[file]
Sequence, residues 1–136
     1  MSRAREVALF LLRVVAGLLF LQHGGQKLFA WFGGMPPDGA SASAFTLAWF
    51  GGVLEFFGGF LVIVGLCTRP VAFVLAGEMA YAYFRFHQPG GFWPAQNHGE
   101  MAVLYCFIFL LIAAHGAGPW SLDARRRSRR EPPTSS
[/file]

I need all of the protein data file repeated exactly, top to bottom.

Sequence, residues 1–136
     1  MSRAREVALF LLRVVAGLLF LQHGGQKLFA WFGGMPPDGA SASAFTLAWF
    51  GGVLEFFGGF LVIVGLCTRP VAFVLAGEMA YAYFRFHQPG GFWPAQNHGE
   101  MAVLYCFIFL LIAAHGAGPW SLDARRRSRR EPPTSS